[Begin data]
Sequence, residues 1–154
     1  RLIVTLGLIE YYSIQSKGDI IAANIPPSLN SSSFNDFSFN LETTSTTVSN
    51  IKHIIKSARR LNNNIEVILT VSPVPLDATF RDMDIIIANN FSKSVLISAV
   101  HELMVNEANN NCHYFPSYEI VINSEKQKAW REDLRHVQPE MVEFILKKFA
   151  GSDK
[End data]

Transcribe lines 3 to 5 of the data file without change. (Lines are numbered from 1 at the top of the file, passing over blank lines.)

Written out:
    51  IKHIIKSARR LNNNIEVILT VSPVPLDATF RDMDIIIANN FSKSVLISAV
   101  HELMVNEANN NCHYFPSYEI VINSEKQKAW REDLRHVQPE MVEFILKKFA
   151  GSDK